I'm not sure of all the details, but the standard cut on the App Store is 70/30 and has been for years. So 70% to the developer.

The cut on Apple Music for musicians is reportedly going to be 71.5% of streaming revenue. Pretty similar.


There aren't any app developers with the popular support/cult of personality that Taylor Swift has. Tons of artists had come out against this already. Shit got real when she published that letter.


App developers who are as big in application consumption as Taylor Swift is in music would get the same treatment.


Sadly, I can't think of any developer that ubiquitous other than John Carmack...and he isn't even close to being active in this context.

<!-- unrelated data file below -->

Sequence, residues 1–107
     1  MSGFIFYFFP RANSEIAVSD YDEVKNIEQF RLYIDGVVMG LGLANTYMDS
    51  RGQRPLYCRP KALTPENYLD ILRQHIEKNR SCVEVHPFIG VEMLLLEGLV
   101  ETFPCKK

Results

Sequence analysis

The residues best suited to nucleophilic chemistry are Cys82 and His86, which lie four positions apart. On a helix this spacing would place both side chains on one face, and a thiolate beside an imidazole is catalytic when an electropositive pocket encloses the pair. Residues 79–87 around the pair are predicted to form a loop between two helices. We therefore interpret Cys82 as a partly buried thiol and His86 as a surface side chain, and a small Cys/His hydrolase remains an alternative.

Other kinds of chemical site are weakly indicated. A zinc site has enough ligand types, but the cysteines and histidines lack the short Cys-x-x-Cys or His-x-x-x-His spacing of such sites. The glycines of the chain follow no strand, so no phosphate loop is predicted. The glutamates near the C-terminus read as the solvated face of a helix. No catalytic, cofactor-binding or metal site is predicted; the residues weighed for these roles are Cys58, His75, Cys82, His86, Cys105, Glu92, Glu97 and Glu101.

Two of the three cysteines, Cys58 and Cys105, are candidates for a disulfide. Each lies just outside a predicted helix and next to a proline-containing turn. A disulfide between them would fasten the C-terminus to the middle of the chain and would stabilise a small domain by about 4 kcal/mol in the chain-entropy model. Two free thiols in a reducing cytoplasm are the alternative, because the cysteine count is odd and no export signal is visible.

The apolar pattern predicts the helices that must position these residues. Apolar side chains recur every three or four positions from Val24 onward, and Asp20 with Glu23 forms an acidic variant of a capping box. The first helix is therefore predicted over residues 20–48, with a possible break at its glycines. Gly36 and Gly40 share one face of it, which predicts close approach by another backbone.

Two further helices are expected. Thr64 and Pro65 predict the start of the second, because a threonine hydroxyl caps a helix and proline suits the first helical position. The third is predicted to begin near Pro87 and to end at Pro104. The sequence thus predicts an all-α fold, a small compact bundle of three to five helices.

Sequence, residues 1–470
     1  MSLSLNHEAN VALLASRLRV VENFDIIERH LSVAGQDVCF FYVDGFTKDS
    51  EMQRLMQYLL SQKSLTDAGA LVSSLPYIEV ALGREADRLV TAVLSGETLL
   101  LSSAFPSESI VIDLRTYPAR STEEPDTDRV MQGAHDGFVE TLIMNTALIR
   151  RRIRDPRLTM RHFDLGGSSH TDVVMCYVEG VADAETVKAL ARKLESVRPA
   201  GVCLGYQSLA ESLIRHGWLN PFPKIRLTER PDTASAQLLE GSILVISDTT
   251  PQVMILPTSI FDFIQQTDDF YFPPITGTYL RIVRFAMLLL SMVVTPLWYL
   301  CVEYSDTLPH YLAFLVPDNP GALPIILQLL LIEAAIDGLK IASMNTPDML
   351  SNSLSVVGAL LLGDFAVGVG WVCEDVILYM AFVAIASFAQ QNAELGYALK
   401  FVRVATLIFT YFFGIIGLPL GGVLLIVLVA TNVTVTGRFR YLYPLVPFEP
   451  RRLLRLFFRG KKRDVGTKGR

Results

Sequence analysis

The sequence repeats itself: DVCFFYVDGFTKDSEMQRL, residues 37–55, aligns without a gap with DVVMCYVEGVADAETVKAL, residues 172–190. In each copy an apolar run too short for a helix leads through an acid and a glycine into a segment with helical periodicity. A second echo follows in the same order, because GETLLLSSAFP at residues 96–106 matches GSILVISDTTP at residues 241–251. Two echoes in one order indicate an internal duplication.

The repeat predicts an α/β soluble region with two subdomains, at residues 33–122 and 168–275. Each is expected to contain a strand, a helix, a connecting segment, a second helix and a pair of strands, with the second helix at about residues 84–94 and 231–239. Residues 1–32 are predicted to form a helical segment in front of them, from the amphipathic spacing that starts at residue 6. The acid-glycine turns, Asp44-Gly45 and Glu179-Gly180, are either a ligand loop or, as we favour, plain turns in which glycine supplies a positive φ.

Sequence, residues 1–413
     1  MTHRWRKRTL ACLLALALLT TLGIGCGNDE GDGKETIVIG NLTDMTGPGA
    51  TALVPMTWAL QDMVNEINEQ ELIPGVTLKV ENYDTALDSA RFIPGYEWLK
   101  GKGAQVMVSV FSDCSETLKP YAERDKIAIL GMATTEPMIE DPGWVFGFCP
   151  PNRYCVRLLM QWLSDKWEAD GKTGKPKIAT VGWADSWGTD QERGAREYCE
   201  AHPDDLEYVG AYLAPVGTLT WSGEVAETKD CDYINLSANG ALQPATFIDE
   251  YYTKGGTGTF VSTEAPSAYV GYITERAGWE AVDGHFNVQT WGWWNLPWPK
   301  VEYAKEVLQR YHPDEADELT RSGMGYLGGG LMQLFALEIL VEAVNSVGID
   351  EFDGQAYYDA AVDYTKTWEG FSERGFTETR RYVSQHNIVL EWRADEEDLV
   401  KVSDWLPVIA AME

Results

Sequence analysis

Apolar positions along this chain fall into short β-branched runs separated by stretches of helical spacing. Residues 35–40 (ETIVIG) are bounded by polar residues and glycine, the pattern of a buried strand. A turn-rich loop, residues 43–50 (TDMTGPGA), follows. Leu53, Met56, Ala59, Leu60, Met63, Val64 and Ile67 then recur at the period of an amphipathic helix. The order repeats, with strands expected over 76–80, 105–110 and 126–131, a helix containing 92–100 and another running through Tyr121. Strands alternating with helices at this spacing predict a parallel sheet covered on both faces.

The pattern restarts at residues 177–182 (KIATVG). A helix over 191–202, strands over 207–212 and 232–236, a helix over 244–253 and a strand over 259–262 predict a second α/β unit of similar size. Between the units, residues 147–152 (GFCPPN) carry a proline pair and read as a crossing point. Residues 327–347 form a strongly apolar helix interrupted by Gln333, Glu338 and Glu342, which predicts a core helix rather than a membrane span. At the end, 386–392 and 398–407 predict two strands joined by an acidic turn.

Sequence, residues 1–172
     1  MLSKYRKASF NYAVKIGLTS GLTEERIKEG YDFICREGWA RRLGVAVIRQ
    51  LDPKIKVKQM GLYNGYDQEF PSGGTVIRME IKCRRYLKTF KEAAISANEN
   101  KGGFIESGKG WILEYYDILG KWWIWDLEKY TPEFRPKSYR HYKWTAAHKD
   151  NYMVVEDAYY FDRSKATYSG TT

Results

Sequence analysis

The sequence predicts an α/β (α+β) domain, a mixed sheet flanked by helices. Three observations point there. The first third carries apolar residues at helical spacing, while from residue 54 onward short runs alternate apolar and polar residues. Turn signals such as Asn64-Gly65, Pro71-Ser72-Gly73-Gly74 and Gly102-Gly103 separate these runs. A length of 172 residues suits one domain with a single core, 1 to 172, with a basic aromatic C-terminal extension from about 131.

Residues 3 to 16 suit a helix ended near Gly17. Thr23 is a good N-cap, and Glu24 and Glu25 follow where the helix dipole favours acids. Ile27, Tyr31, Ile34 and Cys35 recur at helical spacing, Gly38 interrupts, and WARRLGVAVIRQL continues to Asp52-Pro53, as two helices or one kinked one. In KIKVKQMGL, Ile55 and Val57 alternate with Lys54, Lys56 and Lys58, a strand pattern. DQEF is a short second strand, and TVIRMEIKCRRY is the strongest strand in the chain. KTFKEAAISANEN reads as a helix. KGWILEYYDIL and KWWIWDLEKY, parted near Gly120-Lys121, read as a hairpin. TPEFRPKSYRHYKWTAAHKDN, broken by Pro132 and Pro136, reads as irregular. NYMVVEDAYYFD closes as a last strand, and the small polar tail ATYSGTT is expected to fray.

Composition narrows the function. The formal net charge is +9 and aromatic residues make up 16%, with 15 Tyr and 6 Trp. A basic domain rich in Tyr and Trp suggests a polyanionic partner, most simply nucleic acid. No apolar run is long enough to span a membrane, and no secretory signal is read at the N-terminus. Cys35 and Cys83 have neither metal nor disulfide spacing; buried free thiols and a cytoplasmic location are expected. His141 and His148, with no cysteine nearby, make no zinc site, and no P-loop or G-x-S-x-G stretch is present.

Are you saying we should have app developers and content producers with a Taylor Swift-like popular status?


Are you saying we shouldn't?


Not at all. It's an interesting thought. I doubt it's possible to that extent, though. There certainly are some superstar programmers, but they have nowhere near the reach in mainstream culture as someone like Taylor Swift has.


Well there's a pecking order within musicians. Taylor Swift apparently is not treated like any other artist (America's sweetheart) out there and she must be appeased, and handled with extreme care and affection, and all her requests granted.

So, your analogy or comparison here unfortunately doesn't hold water.


So, without making a judgement call on this actual decision.

It amazes me that no one saw this type of reaction from artists (and the generally pro-artist consumer base) coming when the overall business plan was created. And that the concession was made so quickly...


...and now there's tons of free media that Swift's latest album will be on Apple Music (and not on Spotify)!